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I'm trying to do the following in java:

public class ClassName<E> extends E

Doing this however, I'm getting a:

error: unexpected type

Is it simply the case, that java can't do this? - and if so, how will I achieve this effect? It works flawlessly in C++, with templates, alike:

template<typename E>
class ClassName: public E

What I'm really trying to achieve, is to be able to chain classes together this way, to achieve the effect of multiple inheritance in java.

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4 Answers 4

up vote 2 down vote accepted

In C++ templates have the effect of different classes being created at compile time, i.e. for every E you'd get a different version of ClassName.

In Java you have one class with that name and the generic type isn't used for much more than type checking at compile time. Thus Java can't let you extend from type E, since in that case the compiler would have to create multiple instances.

Additionally, generic types could be interfaces as well, and class ClassName extends Serializable wouldn't compile at all. :)

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Stumbled across this old question somehow and have no idea why this wasn't the accepted answer. –  Elias Vasylenko Mar 23 '12 at 14:33

For good or for bad, there is no multiple inheritance in Java. Generics in Java are far more different than in C++. They just give you compile type-safety. At runtime the generics information is erased.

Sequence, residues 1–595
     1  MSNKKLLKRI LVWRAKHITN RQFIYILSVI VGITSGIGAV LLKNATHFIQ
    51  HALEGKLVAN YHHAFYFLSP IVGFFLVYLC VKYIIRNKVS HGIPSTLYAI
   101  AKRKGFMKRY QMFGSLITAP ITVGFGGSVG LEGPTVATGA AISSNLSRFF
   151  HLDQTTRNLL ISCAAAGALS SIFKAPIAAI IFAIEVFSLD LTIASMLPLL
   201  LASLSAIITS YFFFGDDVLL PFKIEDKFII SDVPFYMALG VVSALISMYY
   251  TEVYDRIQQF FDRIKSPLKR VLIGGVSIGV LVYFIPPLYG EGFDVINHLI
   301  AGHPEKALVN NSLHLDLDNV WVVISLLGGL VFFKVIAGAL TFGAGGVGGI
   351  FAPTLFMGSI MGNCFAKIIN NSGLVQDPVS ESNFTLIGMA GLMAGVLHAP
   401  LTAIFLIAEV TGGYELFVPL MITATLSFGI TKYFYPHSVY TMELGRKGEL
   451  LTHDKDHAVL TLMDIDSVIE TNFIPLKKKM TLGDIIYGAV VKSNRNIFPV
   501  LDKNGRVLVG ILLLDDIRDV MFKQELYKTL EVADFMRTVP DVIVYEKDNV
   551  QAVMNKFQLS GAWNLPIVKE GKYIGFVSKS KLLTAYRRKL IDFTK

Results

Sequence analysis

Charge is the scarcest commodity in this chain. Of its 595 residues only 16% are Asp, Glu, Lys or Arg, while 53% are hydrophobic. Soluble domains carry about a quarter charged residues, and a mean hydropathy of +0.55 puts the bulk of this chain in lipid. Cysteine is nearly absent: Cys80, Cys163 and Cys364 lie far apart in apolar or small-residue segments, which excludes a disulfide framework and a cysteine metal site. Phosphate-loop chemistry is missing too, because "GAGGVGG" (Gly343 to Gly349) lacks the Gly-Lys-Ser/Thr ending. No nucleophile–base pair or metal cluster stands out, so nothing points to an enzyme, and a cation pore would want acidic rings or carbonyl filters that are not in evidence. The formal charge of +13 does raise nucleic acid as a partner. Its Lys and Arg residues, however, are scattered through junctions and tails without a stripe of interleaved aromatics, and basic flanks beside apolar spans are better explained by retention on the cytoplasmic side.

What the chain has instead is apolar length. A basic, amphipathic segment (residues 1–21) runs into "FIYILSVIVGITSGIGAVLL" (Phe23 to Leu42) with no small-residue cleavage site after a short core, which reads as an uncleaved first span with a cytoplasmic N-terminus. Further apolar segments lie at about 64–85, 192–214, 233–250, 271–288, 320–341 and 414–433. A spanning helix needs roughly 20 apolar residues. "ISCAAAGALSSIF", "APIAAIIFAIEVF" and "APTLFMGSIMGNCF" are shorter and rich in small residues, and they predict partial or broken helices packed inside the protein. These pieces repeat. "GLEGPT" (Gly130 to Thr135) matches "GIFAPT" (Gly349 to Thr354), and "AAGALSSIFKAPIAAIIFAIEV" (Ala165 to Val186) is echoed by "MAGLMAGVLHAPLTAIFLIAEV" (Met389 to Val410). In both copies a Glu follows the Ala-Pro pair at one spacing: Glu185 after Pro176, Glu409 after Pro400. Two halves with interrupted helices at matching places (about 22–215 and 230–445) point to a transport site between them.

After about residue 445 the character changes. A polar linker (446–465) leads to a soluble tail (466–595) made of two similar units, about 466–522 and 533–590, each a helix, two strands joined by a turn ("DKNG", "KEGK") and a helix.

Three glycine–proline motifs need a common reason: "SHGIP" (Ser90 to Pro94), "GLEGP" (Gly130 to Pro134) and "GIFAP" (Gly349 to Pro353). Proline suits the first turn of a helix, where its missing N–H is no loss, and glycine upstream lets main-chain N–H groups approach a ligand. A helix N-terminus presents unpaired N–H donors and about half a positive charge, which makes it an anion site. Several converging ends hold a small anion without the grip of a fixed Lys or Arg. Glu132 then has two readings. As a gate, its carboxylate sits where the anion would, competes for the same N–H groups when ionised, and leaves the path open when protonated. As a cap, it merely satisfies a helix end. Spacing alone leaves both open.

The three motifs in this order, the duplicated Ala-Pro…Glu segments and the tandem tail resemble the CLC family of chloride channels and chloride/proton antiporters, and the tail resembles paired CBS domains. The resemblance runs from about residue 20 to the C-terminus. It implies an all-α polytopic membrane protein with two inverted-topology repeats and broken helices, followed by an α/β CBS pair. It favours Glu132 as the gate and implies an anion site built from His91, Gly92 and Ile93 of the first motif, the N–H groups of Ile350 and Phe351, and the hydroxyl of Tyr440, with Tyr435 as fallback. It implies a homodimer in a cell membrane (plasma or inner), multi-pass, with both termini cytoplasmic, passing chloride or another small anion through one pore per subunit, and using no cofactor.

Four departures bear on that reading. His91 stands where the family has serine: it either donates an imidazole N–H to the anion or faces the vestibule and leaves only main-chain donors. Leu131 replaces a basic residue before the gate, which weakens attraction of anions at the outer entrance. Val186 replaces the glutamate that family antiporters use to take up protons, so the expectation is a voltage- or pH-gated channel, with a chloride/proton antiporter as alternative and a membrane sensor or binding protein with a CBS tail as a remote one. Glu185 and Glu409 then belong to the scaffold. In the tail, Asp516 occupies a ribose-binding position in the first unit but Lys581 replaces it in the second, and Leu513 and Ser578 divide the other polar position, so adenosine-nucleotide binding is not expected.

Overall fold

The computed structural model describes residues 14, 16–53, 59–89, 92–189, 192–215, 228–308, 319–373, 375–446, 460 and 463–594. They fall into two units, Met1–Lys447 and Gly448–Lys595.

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so, how will I achieve the wanted effect? –  Skeen Aug 26 '11 at 8:49
    
@Skeen - Look here - stackoverflow.com/questions/3556652/…. –  Petar Minchev Aug 26 '11 at 8:51
    
I see, so I'll just have to do the wrapper functions then. –  Skeen Aug 26 '11 at 8:55

Java can't do it- it's because of type erasure. When Java class is compiled, generic type (E) is changed to some concrete class / interface - compiler must be able do determine what the type is. Also, Java does not support multiple inheritance - class can extend only one class (but it can implement multiple interfaces).

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You cannot do this since E is not defined type/ class. for acheiving multiple inheritance you can make use of interfaces. thats the legal way..

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But then I'll have to copy the same code all over the place, and that's bad pratice? –  Skeen Aug 26 '11 at 8:48
    
@Skeen, implement all those methods in a single class and extend it in classes where you need those methods. or you can also use objects to call methods already defined. –  ngesh Aug 26 '11 at 8:50
    
Thing is, I'll be needed this class in several classes, that already extend, so I this is why I wanted to do this. –  Skeen Aug 26 '11 at 8:54
    
The link Petar provided gave me a solution. –  Skeen Aug 26 '11 at 8:56

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